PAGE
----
Following months of speculation, NVIDIA (NVDA 0.35%) confirmed over the weekend that it had entered into a deal to acquire Arm Holdings from SoftBank (SFTB.Y 0.92%) for $40 billion in cash and stock. The deal's structure includes $21.5 billion in stock, $12 billion in cash, and a potential $5 billion earn-out for SoftBank if Arm can achieve certain performance targets. NVIDIA will also issue $1.5 billion in equity for Arm employees.
NVIDIA says the acquisition will complement its existing business, expand its reach, and accelerate its product road map. But there are far-reaching implications that could reshape the mobile chip industry.
Arm has long been at the center of mobile computing, designing the underlying chip architecture that powers virtually all mobile devices today. The company licenses those designs out to other companies, notably including tech giants like Qualcomm (QCOM 0.10%) and Apple (AAPL -1.00%), that oftentimes create customized chips.
The key to Arm's unique place in the value chain has always been its neutrality, which has allowed the mobile chip industry to broadly enjoy cost efficiencies by essentially centralizing research and development while still allowing for the most sophisticated chipmakers to differentiate on top of the architecture. The concern is that the acquisition will undermine that neutrality. SoftBank doesn't make chips, so the Japanese tech conglomerate was able to maintain Arm's neutrality.
NVIDIA says it remains committed to Arm's open-licensing model and that it will maintain customer neutrality, but it's easy to see how quickly things could get murky. If the acquisition closes, NVIDIA will be licensing core technology to one of its longtime rivals, Qualcomm, although NVIDIA and Qualcomm don't compete as directly these days. Apple ditched NVIDIA graphics cards in Macs in favor of NVIDIA's primary competitor in that space, AMD (AMD -2.94%), which itself is also an Arm licensee. AMD also competes with NVIDIA in the data center, where AMD offers Arm-based Opteron processors; data centers are NVIDIA's fastest-growing business, soaring 167% last quarter.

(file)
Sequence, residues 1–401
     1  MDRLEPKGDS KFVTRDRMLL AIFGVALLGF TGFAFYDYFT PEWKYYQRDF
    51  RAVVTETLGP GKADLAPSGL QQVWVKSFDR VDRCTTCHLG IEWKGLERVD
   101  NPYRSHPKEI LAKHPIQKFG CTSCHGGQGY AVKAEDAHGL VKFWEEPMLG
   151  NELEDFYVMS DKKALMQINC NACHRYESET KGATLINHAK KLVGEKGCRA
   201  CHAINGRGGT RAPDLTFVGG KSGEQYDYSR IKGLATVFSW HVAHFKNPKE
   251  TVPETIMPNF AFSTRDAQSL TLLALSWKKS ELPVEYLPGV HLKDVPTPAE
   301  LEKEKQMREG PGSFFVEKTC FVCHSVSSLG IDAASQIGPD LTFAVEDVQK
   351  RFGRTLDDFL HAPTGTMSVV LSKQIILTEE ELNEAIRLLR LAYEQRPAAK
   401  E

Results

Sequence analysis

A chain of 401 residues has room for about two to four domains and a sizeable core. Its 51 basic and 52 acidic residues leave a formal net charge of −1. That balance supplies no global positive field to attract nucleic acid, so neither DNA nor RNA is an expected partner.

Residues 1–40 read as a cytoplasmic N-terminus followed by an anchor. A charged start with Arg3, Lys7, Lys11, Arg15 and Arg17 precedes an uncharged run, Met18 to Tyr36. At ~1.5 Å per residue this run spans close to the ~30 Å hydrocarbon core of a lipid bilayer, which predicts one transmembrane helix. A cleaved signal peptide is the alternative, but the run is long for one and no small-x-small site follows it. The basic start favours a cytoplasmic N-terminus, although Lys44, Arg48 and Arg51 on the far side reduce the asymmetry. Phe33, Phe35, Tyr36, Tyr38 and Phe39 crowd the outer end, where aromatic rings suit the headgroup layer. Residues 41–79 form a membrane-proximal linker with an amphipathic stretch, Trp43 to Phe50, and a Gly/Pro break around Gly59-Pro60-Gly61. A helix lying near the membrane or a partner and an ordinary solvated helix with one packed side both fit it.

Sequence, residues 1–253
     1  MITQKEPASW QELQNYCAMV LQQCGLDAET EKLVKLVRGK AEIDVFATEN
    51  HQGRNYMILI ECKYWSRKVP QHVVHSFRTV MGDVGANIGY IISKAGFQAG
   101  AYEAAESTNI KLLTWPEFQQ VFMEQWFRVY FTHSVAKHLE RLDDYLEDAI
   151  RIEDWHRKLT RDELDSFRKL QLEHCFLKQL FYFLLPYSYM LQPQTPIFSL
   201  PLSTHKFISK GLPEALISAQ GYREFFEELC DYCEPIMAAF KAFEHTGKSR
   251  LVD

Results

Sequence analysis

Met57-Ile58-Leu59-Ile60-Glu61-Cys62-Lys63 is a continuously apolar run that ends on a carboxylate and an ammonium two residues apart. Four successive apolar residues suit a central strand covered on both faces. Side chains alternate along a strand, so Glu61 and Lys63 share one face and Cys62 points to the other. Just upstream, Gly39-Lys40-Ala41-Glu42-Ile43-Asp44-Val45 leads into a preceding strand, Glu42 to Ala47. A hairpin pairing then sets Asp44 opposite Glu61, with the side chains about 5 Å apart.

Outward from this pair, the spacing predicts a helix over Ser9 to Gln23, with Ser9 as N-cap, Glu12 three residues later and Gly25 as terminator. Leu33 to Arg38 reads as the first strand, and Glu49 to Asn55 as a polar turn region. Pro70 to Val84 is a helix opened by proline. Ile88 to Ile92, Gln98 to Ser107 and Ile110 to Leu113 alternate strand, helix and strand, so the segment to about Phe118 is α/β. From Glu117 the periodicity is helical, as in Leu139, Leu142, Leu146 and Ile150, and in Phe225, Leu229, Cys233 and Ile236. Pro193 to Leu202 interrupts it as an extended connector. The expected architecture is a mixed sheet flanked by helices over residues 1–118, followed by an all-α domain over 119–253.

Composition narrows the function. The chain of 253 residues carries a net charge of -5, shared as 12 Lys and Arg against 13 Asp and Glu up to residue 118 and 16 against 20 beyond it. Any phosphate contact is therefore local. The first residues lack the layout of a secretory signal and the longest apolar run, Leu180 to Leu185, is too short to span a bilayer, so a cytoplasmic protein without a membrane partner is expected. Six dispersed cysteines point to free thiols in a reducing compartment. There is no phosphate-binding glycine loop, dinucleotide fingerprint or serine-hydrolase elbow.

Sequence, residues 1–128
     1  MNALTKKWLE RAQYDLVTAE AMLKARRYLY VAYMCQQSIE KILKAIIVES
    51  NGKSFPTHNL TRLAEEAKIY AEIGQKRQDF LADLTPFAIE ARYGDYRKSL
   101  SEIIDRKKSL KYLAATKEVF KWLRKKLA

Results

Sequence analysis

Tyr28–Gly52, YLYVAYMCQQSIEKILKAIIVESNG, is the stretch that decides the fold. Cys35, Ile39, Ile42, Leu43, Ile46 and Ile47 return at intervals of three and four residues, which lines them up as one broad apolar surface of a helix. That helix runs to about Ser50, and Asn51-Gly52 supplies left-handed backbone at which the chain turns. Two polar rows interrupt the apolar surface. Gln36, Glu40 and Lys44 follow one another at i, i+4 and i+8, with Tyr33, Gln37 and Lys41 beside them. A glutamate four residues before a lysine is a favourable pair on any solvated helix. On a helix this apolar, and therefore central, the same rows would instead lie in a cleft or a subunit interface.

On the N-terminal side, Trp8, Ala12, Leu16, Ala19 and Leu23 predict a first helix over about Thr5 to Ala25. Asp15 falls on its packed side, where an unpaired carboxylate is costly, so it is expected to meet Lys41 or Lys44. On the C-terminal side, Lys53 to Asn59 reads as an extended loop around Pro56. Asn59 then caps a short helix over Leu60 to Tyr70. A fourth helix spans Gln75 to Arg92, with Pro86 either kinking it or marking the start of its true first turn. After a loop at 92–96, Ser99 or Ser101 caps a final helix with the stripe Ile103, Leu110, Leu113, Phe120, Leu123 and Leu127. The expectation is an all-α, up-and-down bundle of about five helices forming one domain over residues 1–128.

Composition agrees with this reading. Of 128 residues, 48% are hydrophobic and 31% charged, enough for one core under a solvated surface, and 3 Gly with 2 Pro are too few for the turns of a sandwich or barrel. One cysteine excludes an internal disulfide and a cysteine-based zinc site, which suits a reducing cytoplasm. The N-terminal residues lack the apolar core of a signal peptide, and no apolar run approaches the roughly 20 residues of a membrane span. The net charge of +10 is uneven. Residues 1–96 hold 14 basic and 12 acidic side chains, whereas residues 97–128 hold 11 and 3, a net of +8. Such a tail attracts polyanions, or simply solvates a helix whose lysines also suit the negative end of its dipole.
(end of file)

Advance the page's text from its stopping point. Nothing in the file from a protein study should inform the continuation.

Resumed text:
These are just a few relationships out of Arm's hundreds of licensees, including other prominent names like Samsung and MediaTek, among many others. From a licensee's perspective, even the remote possibility that Arm loses some independence could reduce the appeal of the architecture.
Can NVIDIA close the deal?
The acquisition will inevitably face intense regulatory scrutiny around the world because the transaction has such major ramifications across markets. In fact, SoftBank had approached Apple over the summer about a possible deal, but the Mac maker reportedly declined due to regulatory concerns about licensing to rivals. Apple already has its hands full contending with other ongoing antitrust issues anyway.
Arm co-founder Hermann Hauser, who is no longer involved with the company, has been vocally expressing criticism of the deal. Hauser previously suggested it would be in NVIDIA's interest to "destroy Arm" because it could make more than $40 billion through monopoly power. This week, he called the acquisition an "absolute disaster." The technologist is calling on the U.K. government to intervene, kicking off a "Save Arm" campaign attempting to garner support in opposing the deal.
"[T]he sale of Arm to Nvidia will destroy the very basis of Arm's business model which is to be the Switzerland of the semiconductor industry dealing in an even-handed way with its over 500 licensees," Hauser wrote in an open letter to U.K. Prime Minister Boris Johnson. "Most of them are Nvidia's competitors."
NVIDIA expects to close the acquisition in roughly 18 months.